PHPNW is primarily a conference aimed at professionals within the industry to allow them to learn from each other and discover new ideas and techniques which they can then apply to their every day work. What is less prominent is how this is equally as useful for students, who may want to work in this same area once they have graduated.
I do a lot of development on Ubuntu, as I often have multiple projects on the go which are nothing to do with each other, it’s often easier to create separate virtual hosts on my local development machine. This means that when they are ready for the “real world”, they are already set up as isolated sites at the root of their domain (rather than in a subdirectory of an existing site).
In order to do this, you need to create a new virtual host in your Apache config. Create a new file in the directory /etc/apache2/sites-available and open it in your favourite editor. It doesn’t matter what the file is called, but it’s best to keep it descriptive. We’ll call this project “mysite”, so the file can be called “mysite”. In the file we need to configure the Apache virtual host.
<VirtualHost 127.0.0.1> ServerName mysite.localhost DocumentRoot /var/www/mysite/public/ </VirtualHost>
In the VirtualHost tag, you put the IP, seeing as I only want this for local loopback (for development) I have just put 127.0.0.1. The ServerName is the URL that you use to connect to the site and the DocumentRoot is where the public documents are stored. This is a very basic set up, so there are many more options you can add.
To make the site enabled, you create a symbolic link to the file from the sites-enabled directory.
cd /etc/apache2/sites-enabled ln -s ../sites-available/mysite mysite
You now need to add the subdomain (mysite.localhost) to the list of hosts, so open /etc/hosts in your favourite editor and append the line:
And then restart Apache:
sudo /etc/init.d/apache2 restart
Now you should be able to visit http://mysite.localhost on the local machine (assuming the directory does actually exist).
This should also be similar on MacOS and other linux Distros, but the file locations (particularly for Apache) will vary.
Having just got my brand new MacBook Pro, I’ve been setting it up as a development environment (blog post about that to come). I decided to install the new Netbeans 6.9 beta. The main reason for this is the Zend Framework (and Symfony) support.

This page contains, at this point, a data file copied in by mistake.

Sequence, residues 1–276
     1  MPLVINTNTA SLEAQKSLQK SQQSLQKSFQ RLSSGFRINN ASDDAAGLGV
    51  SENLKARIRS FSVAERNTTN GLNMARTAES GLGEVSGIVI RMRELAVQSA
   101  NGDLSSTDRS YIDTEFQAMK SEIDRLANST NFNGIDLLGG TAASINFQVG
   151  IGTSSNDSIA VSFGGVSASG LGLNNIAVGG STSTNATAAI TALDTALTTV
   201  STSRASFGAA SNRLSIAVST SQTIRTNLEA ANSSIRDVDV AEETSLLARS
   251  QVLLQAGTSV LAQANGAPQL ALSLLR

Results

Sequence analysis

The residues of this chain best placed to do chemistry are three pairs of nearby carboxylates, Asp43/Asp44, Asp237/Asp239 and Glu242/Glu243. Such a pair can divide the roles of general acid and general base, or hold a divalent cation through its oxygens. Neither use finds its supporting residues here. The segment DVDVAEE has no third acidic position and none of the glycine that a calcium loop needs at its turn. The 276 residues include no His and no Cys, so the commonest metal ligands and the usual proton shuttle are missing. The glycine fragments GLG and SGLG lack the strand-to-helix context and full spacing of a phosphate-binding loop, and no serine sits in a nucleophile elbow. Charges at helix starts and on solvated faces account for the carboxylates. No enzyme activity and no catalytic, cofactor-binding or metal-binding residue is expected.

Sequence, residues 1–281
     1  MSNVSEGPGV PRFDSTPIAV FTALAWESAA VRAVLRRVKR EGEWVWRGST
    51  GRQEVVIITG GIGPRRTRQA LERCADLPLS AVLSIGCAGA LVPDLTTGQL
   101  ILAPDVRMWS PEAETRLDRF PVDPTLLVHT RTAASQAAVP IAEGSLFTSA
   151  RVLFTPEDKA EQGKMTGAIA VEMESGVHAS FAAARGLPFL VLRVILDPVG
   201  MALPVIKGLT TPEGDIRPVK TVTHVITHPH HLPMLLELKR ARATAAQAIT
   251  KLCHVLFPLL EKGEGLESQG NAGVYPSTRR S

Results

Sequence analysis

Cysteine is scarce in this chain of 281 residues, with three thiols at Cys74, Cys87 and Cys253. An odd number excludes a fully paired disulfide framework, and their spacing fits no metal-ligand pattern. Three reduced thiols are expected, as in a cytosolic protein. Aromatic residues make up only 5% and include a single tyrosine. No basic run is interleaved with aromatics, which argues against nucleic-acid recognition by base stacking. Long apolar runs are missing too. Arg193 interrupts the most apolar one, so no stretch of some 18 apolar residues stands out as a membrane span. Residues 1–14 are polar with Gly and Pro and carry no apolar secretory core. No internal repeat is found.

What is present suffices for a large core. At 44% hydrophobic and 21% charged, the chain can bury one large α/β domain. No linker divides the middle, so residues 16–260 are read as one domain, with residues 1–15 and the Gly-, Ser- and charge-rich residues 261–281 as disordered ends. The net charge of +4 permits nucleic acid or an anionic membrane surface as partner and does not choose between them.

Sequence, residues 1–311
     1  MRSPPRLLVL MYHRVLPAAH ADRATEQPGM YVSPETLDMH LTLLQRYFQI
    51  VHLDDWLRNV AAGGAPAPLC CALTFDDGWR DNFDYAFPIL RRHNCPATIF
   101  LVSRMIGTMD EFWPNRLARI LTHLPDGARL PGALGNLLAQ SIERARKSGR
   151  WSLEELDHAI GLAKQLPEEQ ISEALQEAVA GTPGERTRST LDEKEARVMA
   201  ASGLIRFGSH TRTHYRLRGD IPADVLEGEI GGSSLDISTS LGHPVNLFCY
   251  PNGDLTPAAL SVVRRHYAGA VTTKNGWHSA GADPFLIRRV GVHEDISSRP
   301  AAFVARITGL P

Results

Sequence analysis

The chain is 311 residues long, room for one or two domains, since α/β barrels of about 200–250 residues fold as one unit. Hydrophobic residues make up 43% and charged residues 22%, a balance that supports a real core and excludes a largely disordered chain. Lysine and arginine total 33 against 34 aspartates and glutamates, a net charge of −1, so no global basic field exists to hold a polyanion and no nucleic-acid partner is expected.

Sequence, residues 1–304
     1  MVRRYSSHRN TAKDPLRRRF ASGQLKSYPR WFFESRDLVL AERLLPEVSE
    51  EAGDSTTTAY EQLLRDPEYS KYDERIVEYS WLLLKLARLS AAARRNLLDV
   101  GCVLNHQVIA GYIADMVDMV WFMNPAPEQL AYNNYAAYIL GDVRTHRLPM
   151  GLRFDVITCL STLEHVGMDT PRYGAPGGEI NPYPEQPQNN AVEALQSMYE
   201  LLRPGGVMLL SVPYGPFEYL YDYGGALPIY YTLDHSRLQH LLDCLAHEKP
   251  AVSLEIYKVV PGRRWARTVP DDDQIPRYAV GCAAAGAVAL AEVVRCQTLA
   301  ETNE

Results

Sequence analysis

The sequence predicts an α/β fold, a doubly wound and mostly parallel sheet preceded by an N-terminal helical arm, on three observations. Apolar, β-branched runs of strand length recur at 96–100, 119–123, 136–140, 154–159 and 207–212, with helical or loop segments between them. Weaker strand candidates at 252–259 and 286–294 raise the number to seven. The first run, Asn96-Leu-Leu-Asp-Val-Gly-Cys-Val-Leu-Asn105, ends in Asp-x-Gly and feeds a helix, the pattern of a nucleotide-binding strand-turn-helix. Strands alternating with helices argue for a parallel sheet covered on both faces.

In the past I have found Netbeans to be pretty good with code-completion when being used with Zend Framework, however with the release of Zend Tool (something I do really like), you’ve had to switch from Netbeans to the command line in order to create the project and then create a new Netbeans project from existing sources. This was a bit of a hassle.
Now, all you need to do is download the Framework, go into the Netbeans preferences > PHP > Zend tab, Zend script box should point to the zf script (from within the bin directory of the ZF downloading). On Mac and Linux it wants the zf.sh file (on Windows it will probably want the zf.bat file, although not tested). Once that has been set up, you can now create brand new Zend Framework projects from within Netbeans, and it preconfigures everything for you. Lovely!
The time I never thought I’d see is now on the horizon. The web moving away from supporting Internet Explorer 6.
Many web developers are all too aware of the pain of getting their websites working correctly in all web browsers and THEN having to make sure they work in IE6. This is not only inconvenient and irritating, but expensive. However, with Google announcing it is no longer supporting IE6 and now Amazon following their lead, it is appearing that very soon (not immediately) people will be forced to update/change their web browser to use these large and prominent websites. Many other sites have also dropped IE6 support (list at http://idroppedie6.com/).
Finally we will be able to spend our time on functionality rather than legacy support.